Two years later Ansermet was invited to La Scala de Milan to conduct another premiere: Stravinsky’s Mass. Despite the disagreeement between the two artists Ansermet had agreed to conduct this austere new work, inspired by the great works of the Ars Nova.
In the early 1950s Ansermet’s career gained an international dimension. He was in great demand in America, and in 1951 he conducted twenty-one concerts with the Boston Symphony Orchestra, replacing Charles Münch who was ill. In the 23 December 1951 issue of the Boston Sunday Post, he received rave reviews, the critics preferring him to Toscanini.
Although Ansermet’s name is often associated with those of Stravinski, Debussy or Ravel, we should not forget his association with Frank Martin. Ansermet considered this great Swiss musician as one of the major composers of our time, and in 1956, during the “Musikfestwochen” he premiered Martin’s La Tempête at the Viennese Opera, which was attended by musicians such as Bruno Walter and Karajan.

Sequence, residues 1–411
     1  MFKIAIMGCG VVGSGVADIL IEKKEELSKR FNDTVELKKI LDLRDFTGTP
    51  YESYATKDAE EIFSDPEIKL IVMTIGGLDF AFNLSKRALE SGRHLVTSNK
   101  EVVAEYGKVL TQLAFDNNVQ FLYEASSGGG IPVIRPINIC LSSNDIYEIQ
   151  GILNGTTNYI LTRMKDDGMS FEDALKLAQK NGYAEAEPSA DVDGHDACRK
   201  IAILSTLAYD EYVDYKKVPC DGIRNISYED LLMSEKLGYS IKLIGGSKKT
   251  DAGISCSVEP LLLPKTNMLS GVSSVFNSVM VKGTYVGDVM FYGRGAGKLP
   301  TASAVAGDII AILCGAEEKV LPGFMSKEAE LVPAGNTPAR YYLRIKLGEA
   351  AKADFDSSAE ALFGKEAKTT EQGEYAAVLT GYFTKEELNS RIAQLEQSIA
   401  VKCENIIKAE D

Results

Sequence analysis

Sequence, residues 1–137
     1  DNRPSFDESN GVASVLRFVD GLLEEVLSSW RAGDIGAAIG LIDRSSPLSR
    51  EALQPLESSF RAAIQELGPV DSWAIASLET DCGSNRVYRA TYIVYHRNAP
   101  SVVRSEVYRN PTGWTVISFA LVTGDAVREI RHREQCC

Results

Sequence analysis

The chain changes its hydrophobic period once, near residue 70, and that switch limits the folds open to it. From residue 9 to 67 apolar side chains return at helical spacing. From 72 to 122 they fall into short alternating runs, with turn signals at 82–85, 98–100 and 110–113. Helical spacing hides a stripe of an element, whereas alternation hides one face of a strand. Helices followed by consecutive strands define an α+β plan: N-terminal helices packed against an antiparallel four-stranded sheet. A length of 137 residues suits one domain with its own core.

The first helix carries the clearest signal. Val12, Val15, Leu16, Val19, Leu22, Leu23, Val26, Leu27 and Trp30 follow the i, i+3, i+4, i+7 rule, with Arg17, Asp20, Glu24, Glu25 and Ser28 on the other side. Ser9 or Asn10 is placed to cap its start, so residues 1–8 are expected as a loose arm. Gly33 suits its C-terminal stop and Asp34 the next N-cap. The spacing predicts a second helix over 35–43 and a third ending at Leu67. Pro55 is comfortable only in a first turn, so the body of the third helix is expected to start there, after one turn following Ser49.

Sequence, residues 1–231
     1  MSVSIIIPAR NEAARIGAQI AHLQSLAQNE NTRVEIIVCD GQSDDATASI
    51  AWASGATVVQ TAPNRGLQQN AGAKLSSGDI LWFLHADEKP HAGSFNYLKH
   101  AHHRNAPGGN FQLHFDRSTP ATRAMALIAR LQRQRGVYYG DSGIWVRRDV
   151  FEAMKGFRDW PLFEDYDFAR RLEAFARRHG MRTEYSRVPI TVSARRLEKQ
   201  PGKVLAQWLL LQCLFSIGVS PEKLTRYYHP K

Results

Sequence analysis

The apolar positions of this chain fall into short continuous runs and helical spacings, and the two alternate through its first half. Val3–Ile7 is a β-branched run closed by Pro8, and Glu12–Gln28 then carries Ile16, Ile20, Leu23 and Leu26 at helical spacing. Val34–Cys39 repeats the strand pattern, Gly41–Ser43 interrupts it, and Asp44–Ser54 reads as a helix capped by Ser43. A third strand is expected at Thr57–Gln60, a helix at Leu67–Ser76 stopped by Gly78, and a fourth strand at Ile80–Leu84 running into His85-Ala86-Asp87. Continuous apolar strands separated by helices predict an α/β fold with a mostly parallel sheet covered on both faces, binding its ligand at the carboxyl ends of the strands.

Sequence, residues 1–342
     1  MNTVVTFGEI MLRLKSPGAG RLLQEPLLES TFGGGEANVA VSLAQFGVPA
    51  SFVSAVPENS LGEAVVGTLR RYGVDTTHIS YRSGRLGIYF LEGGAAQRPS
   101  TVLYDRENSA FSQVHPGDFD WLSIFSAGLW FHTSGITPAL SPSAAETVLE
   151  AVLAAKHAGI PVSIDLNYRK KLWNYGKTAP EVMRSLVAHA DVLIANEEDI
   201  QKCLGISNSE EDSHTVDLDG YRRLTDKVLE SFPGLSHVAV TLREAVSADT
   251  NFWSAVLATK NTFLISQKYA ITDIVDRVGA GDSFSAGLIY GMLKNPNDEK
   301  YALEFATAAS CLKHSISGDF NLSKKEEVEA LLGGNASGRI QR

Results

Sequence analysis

During the 1960s Ernest Ansermet concentrated increasingly on conducting the great classics. He recorded all of Beethoven’s nine symphonies, as well as those of Brahms and his German Requiem. Known the world over for his interpretations of XXth century music Ansermet’s approach to the classics is, unfortunately, not wellknown. To grasp the joy with which Ansermet approached these wellknown works, we should listen to his recordings of them, setting aside our preconceptions. His vision of Beethoven is free of inhibiting Romanticism, and reveals the novelty of the Beethovian language. Ansermet’s interpretations of Brahms’s symphonies (unanimously praised by international critics) are marked with typically Latin generosity and light, reminding us what a universal artist Brahms was.